Enduring Perfection: Paintings by Damodar Lal Gurjar: Catalogue of an Exhibition. White, James J. and Lugene B Bruno. 2001. ISBN 0-913196-71-1. (Paper US$10.00) 44 pp. Hunt Institute for Botanical Documentation, Carnegie Mellon University, 5000 Forbes Ave, Pittsburgh, PA 15213-3890.
Fern Grower's Manual: Revised and Expanded Edition. 2001. ISBN 0-88192-495-4 (Cloth US$59.95) 624 pp. Timber Press, 133 S. W. Second Avenue, Suite 450, Portland, OR 97204-3527.
Field Flora of the British Isles. Stage, Clive. 1999. ISBN 0-521-65315-0 (Paper US$39.95) 736 pp. Cambridge University Press, 40 West 20th Street, New York, NY 10011-4211.
Field Guide to Indiana Wildflowers. Yatskievych, Kay. 2000. ISBN 0-253-21420-3 (Paper US$17.95) 372 pp. Indiana University Press, 601 N. Morton Street, Bloomington, IN 47404.
Flora of the Gran Desierto and Rio Colorado Delta. Felger, Richard S. 2000. ISBN 0-8165-2044-5 (Cloth, US$75.00) 700 pp. The University of Arizona Press, 355 S. Euclid Ave., Suite 103, Tucson, AZ 85719.
The Flowering of Man: A Tzotzil Botany of Zinacantán. Breedlove, Dennis E. and Robert M. Laughlin. 2000. ISBN 1-56098-897-5 (Paper US$24.95) 336 pp. Smithsonian Institution Press, 750 Ninth Street NW Suite 4300, Washington, DC 20560-0950.
Forest Fires: Behavior and Ecological Effects. Johnson, Edward A. and Kiyoko Miranishi (eds). 2001. ISBN 0-12-386660-x (Cloth US$96.00) 594 pp. Academic Press. 525 B Street, Suite 1900, San Diego, CA 92101-4495.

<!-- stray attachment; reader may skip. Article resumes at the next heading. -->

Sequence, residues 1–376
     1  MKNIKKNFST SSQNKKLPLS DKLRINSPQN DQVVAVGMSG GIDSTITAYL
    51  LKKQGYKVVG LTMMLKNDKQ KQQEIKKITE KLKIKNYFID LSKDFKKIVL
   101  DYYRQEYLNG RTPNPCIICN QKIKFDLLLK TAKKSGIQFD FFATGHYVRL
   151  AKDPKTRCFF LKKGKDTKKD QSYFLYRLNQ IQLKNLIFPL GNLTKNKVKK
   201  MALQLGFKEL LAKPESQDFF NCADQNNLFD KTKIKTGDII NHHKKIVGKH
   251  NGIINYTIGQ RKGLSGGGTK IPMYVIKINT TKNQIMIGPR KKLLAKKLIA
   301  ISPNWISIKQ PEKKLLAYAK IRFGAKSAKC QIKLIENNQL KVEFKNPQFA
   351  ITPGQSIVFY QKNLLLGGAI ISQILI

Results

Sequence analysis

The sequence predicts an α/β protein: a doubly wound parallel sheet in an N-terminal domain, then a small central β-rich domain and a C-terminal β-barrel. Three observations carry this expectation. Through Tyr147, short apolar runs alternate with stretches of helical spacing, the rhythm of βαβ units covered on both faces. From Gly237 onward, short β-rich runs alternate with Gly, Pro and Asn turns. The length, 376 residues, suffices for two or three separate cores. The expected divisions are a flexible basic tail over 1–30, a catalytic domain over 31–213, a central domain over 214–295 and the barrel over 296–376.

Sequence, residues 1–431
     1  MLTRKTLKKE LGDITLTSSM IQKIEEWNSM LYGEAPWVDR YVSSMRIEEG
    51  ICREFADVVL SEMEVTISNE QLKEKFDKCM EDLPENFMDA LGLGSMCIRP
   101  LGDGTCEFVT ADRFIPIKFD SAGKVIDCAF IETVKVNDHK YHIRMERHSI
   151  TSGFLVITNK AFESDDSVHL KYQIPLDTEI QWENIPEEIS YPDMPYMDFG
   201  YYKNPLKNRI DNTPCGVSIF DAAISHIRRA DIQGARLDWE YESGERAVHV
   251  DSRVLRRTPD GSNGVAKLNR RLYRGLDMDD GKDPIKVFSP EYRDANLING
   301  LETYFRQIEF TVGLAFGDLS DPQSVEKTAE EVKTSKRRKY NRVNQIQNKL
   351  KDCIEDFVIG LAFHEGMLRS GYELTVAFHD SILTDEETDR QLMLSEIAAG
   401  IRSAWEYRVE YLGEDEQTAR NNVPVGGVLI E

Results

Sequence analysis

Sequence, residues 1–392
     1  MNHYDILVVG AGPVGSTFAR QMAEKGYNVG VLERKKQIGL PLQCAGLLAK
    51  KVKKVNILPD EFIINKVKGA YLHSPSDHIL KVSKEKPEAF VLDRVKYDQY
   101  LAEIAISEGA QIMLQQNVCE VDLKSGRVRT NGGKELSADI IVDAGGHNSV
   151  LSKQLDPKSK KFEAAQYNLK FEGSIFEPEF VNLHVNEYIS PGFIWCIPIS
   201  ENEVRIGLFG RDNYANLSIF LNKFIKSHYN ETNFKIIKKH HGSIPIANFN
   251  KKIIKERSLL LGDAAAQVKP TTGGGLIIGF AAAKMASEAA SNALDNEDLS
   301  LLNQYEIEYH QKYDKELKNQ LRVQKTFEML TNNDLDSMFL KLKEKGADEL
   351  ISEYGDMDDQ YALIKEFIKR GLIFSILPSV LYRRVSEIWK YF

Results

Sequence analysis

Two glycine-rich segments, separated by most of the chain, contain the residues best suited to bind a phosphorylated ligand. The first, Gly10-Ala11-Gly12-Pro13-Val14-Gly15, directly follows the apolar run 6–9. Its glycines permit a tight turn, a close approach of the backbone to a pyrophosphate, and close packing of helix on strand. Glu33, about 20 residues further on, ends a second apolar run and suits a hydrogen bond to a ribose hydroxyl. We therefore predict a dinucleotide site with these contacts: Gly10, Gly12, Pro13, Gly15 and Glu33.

Gardening in the Desert: A Guide to Plant Selection & Care. Irish, Mary F. 2000. ISBN 0-8165-2057-7 (Paper US$17.95) 175 pp. The University of Arizona Press, 355 S Euclid Ave, Suite 103, Tucson, AZ 85719.
Green Engineering. Anatas, Paul T., Lauren G. Heine and Tracy C. Williamson (eds) 2000. ISBN 0-8412-3677-1 (Cloth US$135.00) Oxford University Press, 198 Madison Avenue, New York, NY 10016-4314.
Introduction to Plant Biotechnology. Chawla, H.S. 2000. ISBN 1-57808-130-0 (Paper US$38.50) 378 pp. Science Publishers, Inc., Post Office Box 699, Enfield, New Hampshire 03748.
Lichens. Purvis, William. 2000. ISBN 1-56098-879-7 (Paper $US14.95) 112 pp. Smithsonian Institution Press, 750 Ninth Street NW Suite 4300, Washington, DC 20560-0950
The Looking-Glass Garden: Plants and Gardens of the Southern Hemisphere. Thompson, Peter. 2001. ISBN 0-88192-499-7 (Cloth US$39.95). 451 pp. Timber Press. 133 S. W. Second Avenue, Suite 450, Portland, OR 97204-3527.
Managing Human-Dominated Ecosystems: Proceedings of the Symposium held at MBG in March, 1998. Volume 84 in the series Monographs in Systematic Botany from the Missouri Botanical Garden. Hollowell, Victoria C. (ed.). 2001. ISBN 0-915279-85-1 (Paper US$39.95) 372 pp. Missouri Botanical Garden Press, 4344 Shaw Boulevard, St. Louis, MO 63110.
Medicinal Plants of the World, Volume 2, Chemical Constituents, Traditional and Modern Medicinal Uses. Ross, Ivan A. 2001. ISBN 0-896-03877-7 (Cloth US$99.50) 488 pp. The Humana Press, 999 Riverview Drive, Suite 208, Totowa, New Jersey 07512.
Microbial Interactions in Agriculture and Forestry, Volume II. Subba Rao, N.S. and Dommergues, Y.R. 2000. ISBN 1-57808-138-6 (Cloth US$88.00) 294 pp. Science Publishers, Inc., Post Office Box 699, Enfield, New Hampshire 03748.
Mistletoe: The Genus Viscum. Büssing, Arndt. 2000. ISBN 90-5823-092-9 (Cloth US$105.00) 265 pp. Harwood Academic Publishers, Amsteldijk 166, 1st Floor, 1079 LH Amsterdam, The Netherlands.
The Monumental Impulse: Architecture's Biological Roots. Hersey, George. 2001. ISBN 0-262-58203-1 (Paper US$27.95) 244 pp. The MIT Press, 5 Cambridge Center, Cambridge, MA 0214201493).